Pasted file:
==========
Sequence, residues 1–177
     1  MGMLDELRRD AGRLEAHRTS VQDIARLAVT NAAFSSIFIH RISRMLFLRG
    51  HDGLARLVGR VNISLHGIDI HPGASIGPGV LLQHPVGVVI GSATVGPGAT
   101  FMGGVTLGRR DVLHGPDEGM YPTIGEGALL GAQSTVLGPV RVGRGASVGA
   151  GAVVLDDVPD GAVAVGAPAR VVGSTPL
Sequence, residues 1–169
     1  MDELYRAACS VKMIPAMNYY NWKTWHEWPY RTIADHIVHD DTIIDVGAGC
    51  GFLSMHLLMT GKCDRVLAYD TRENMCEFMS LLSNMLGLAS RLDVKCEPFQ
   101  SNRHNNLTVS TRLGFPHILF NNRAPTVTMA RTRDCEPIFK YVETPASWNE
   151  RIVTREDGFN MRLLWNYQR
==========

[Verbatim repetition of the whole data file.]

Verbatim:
Sequence, residues 1–177
     1  MGMLDELRRD AGRLEAHRTS VQDIARLAVT NAAFSSIFIH RISRMLFLRG
    51  HDGLARLVGR VNISLHGIDI HPGASIGPGV LLQHPVGVVI GSATVGPGAT
   101  FMGGVTLGRR DVLHGPDEGM YPTIGEGALL GAQSTVLGPV RVGRGASVGA
   151  GAVVLDDVPD GAVAVGAPAR VVGSTPL
Sequence, residues 1–169
     1  MDELYRAACS VKMIPAMNYY NWKTWHEWPY RTIADHIVHD DTIIDVGAGC
    51  GFLSMHLLMT GKCDRVLAYD TRENMCEFMS LLSNMLGLAS RLDVKCEPFQ
   101  SNRHNNLTVS TRLGFPHILF NNRAPTVTMA RTRDCEPIFK YVETPASWNE
   151  RIVTREDGFN MRLLWNYQR